Was there ever any particular desire to use a specific part of Nazi experiments on humans?
Yes. A concrete example would be the Dachau Hypothermia Experiments
How was it resolved?
It isn't resolved. It remains a matter of controversy.
In the 1984 Hastings Center Report, Should the Nazi research data be cited?, Kristine Moe addressed some of the ethical issues raised by the use of such research. From the abstract:
While the horror of the Nazi medical experiments has been unanimously acknowledged, debate continues over whether results of those experiments which are scientifically sound should be used and cited in publications and, by extension, over whether any ethically-suspect research should be cited or published (...) She proposes that scientists use Nazi data only where the scientific validity is clear and there is no alternative source of information, and only with acknowledgement of the incomprehensible horror that produced them.
At the time that paper was published, almost 50 papers about hypothermia which made reference to the Dachau experiments had been published. However, that represented only a small fraction of the literature on the subject, most researchers preferring not to reference those experiments.
Baruch C. Cohen came to a similar conclusion to that reached by Kristine Moe in his paper The Ethics Of Using Medical Data From Nazi Experiments, published in Jewish Law. He wrote:
"Absolute censorship of the Nazi data does not seem proper, especially when the secrets of saving lives may lie solely in its contents. Society must decide on its use by correctly understanding the exact benefits to be gained. When the value of the Nazi data is of great value to humanity, then the morally appropriate policy would be to utilize the data, while explicitly condemning the atrocities."
For examples of how the debate has played out in the media, you might find these articles informative:
These stories all relate to the proposed publication of a paper by Dr. Robert Pozos based on the results of the Dachau hypothermia experiments (see below).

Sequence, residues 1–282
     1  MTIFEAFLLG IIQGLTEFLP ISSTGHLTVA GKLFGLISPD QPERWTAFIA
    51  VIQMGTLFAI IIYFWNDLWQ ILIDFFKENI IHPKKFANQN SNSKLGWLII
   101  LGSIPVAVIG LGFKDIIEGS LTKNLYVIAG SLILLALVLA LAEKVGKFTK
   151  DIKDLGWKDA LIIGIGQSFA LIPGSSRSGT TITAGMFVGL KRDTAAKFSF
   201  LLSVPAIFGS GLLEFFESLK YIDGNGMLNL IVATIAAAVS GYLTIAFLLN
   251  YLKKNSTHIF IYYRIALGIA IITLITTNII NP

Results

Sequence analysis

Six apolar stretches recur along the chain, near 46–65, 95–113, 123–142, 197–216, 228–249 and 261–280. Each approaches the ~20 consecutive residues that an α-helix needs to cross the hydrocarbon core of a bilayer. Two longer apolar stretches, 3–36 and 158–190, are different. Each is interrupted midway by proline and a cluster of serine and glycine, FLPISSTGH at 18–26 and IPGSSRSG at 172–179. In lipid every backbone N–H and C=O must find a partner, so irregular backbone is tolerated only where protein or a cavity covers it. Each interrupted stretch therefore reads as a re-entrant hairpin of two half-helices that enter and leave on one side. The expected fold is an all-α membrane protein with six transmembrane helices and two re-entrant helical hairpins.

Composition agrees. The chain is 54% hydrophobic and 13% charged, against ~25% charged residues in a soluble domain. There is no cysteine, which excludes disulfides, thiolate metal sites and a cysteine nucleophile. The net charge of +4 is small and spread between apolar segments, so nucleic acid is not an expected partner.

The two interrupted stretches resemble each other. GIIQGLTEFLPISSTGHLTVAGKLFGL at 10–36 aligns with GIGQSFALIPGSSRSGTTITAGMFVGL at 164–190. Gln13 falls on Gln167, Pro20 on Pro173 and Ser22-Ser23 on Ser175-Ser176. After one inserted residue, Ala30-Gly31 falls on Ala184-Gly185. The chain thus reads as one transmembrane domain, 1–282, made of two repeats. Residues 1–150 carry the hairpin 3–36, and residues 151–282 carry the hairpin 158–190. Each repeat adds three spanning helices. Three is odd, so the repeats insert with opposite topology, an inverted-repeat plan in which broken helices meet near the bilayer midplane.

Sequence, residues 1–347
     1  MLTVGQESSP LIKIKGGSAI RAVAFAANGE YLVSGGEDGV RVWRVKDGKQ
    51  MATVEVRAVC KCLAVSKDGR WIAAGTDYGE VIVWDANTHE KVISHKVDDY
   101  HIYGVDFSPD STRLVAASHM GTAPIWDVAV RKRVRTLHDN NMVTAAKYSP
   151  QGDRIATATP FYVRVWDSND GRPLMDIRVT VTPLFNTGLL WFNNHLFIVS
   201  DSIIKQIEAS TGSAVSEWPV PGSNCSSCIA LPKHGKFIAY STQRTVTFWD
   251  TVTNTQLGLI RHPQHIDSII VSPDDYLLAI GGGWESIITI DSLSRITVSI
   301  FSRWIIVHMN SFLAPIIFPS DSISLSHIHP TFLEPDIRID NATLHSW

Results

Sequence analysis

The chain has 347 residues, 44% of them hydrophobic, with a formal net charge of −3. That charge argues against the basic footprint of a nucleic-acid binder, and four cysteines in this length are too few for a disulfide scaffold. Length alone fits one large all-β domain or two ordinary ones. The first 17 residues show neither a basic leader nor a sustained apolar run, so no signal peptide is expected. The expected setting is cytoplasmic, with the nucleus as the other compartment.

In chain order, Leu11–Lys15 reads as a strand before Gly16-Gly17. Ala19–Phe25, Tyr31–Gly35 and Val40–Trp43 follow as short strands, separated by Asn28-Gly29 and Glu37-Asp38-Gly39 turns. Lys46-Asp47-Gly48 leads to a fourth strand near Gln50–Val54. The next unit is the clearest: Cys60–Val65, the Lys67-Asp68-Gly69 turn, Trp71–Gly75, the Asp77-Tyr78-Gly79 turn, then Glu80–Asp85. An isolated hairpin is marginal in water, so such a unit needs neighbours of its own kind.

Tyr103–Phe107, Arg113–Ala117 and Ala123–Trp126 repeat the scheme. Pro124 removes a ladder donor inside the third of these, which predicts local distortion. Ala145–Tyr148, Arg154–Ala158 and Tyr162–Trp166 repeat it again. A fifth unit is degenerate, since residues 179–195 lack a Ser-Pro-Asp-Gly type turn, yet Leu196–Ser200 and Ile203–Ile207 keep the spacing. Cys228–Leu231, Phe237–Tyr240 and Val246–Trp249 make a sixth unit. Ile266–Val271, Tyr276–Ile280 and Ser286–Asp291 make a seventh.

The argument is complex, but boils down to a fairly simple question:
Is it ethical to use the results of Nazi human experimentation (which was - by its very nature - unethical) in research that may lead to treatments that save human lives? Does using their data in that research, in some sense, validate the criminal, and morally repugnant, Nazi experiments?
Application of the data in research into treatments for hypothermia
Although the Nazis had attempted to destroy the evidence of their experiments, after the war an American officer, Major Leo Alexander, studied the surviving data, interviewed witnesses from Dachau, and wrote a description of the experiments and their results.
His paper, The Treatment of Shock from Prolonged Exposure to Cold, Especially in Water, was published by the US Department of Commerce in 1946 (report No 250).
Major Alexander's report was subsequently cited in a number of research papers on the subject of the identification and treatment of hypothermia, produced by both the US Navy (see examples in Man in the Cold Environment. A Bibliography with Informative Abstracts, published in 1982) and the Royal Navy (for example, the 1973 paper Hypothermia: Recognition and Treatment of Immersion Hypothermia)
In 1988, Dr. Robert Pozos, then director of the Hypothermia Research Laboratory at the Duluth campus of the University of Minnesota, submitted a paper to the New England Journal of Medicine that included data from Major Alexander's report into the Dachau hypothermia experiments.
The paper was rejected by Arnold Relman, then editor of the Journal, on ethical grounds.
For more information about the debate, and the impact on research into treatments for hypothermia, see the 1990 paper, Nazi Science — The Dachau Hypothermia Experiments, by Robert L. Berger, MD, in the New England Journal of Medicine.